Impact of Heatwaves in India on Bird Mortality

Climate change has made heat waves a normal event and a household conversation. But, the impact is not just on human health. It has dehydrated and exhausted birds too (Clarke, 2022). In India temperatures across the country have reached close to 49 degrees causing heatwaves in several cities. It has been reported that bird mortality has been on the rise with birds coming down with heat strokes (Carleton, 2022).

Heatwaves and impact on biodiversity

Heatwaves are essentially unusually high temperatures outside of the usual temperature range that last for a few days over a particular region. They are primarily caused by the movement of high atmospheric pressure into an area and winds are almost non-existent making the environment hot. These heat waves have the potential to be fatal to human health as they can dehydrate and change the potassium-sodium ratio of the body, confusing the nervous system and leading to even a stroke (Explained: What Are Heatwaves & How Do They Occur? 2022).

Several reports reveal that the temperatures in India have already risen by 0.7 degrees celsius which is expected to further increase four-fold by 2100. If the temperature continues to rise causing heatwaves in the country, then several regions which are global biodiversity hotspots with numerous endemic species of plants and animals would face a rapid unusual pace of evolutionary adaptability which may threaten their very existence (Aggarwal, 2020).

The impact on biodiversity is thus inevitable in a region. Heatwaves affect the biodiversity of a region. As far as marine life is concerned, warmer waters can change their food habits, and lifestyle and affect the competition that exists between invasive and native species of fish and underwater plants. Furthermore, extreme heat can also cause psychological stress affecting the growth patterns of plants (Macinnis, 2022).

Bird mortality in India

The impact of heatwaves on birds has been on the rise in the northern part of the country in cities like Ahmedabad and Gurgaon. In Gurgaon, hospitals reported an increase of 50 percent in the number of bird patients to the hospital tracing the illness to the heat. In Gujarat, dehydrated and exhausted birds were reported to have fallen from the sky inviting treatment from animal hospitals across the state. Rescuers recorded a ten percent increase in the number of birds rescued amidst the heatwave (Clarke, 2022). The heatwaves have specifically affected the high-flying birds like kites and pigeons. Health officials across the state have advised hospitals to set up wards to particularly treat heat strokes and other illnesses caused due to heat waves both for animals and humans.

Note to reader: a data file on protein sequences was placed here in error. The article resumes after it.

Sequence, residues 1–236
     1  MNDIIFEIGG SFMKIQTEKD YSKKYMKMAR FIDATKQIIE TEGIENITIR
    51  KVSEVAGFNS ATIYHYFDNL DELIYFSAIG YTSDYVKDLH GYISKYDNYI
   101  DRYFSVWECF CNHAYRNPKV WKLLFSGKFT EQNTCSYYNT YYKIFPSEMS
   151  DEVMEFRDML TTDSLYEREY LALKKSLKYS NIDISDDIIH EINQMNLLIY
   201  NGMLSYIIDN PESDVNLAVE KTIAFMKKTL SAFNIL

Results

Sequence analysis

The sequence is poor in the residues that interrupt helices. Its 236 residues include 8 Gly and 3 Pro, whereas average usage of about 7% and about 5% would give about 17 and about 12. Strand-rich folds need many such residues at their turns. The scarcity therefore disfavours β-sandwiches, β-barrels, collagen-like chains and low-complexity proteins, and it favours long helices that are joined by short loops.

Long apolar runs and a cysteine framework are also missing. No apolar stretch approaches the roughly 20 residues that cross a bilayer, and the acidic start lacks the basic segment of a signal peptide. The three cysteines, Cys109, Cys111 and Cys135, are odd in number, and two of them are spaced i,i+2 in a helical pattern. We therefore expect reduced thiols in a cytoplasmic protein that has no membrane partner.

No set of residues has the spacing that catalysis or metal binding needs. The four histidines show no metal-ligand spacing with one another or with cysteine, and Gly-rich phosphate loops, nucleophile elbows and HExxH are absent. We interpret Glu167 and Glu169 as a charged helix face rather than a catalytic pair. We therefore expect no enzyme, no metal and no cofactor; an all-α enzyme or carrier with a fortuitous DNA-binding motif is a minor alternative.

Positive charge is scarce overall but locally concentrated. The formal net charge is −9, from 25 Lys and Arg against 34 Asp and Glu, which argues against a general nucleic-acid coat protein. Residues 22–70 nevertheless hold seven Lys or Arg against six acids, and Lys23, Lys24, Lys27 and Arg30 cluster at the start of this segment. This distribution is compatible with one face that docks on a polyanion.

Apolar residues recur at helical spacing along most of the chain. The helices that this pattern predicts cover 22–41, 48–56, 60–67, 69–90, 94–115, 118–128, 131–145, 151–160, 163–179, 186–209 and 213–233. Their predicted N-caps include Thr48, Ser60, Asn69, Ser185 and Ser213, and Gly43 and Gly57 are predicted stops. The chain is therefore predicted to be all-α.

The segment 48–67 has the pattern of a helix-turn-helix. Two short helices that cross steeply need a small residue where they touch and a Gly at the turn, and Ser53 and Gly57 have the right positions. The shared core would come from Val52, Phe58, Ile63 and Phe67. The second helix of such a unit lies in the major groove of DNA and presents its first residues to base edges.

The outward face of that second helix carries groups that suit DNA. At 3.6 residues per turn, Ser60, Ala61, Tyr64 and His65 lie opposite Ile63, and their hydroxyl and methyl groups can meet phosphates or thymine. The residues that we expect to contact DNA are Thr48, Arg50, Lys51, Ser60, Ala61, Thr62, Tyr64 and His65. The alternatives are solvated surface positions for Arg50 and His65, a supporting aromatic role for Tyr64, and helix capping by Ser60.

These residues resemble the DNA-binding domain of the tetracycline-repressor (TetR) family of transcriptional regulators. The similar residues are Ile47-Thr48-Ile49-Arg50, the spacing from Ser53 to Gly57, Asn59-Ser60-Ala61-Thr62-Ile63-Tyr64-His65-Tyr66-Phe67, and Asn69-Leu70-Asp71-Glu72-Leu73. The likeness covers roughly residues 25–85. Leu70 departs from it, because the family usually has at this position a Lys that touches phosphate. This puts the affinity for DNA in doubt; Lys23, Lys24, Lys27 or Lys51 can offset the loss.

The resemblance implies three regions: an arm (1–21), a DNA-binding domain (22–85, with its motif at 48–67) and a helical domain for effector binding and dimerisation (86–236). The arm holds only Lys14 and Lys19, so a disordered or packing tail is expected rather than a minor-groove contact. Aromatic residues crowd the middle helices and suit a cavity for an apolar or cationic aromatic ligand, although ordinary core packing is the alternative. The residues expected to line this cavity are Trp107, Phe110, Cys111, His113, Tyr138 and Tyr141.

Way forward

One of the foremost solutions to tackle the heat is obviously to address the primary challenge of climate change. However, this is a long-term solution. Some of the ways to protect these birds from becoming victims to the heatwave are to keep water on the terrace and veranda for birds to rest and drink water to keep themselves hydrated. Secondly, lesser consumption of air coolers and conditioners can also prevent the heat generated from the appliances from aggravating the heat which inevitably affects the birds. Thirdly, as mentioned earlier, hospitals should be equipped with all the wherewithal needed in order to treat these birds affected by the heat, requiring treatment.


Aggarwal, M. (2020, June 23). India’s heatwaves will intensify four-fold by 2100, says its first climate assessment report. Retrieved May 20, 2022, from

BirdLife Data Zone. (n.d.). BirdLife Data Zone. Retrieved May 19, 2022, from

Carleton, A. (2022, May 5). India Is Getting So Hot That Birds Are Coming Down With Heatstroke. VICE. Retrieved May 19, 2022, from

Clarke, B. (2022, May 12). Dehydrated birds falling from sky in India amid record heatwave. Al Jazeera. Retrieved May 19, 2022, from

Explained: What are heatwaves & how do they occur? (2022, April 30). Hindustan Times. Retrieved May 19, 2022, from

Macinnis, C. (2022, January 18). How do heatwaves affect biodiversity? The Big Q. Retrieved May 19, 2022, from

Wallace, D. (2022, May 17). Opinion | Climate Change Has Made Deadly Heat Waves Normal. The New York Times. Retrieved May 19, 2022, from

Published by LakesOfIndia

Lakes of India is an E.F.I initiative aimed at sensitizing the larger public on freshwater habitats across the country. A blog platform where one can read about lakes across India. You can become a guest blogger to write about a lake in your hometown and initiate an action to protect that lake.

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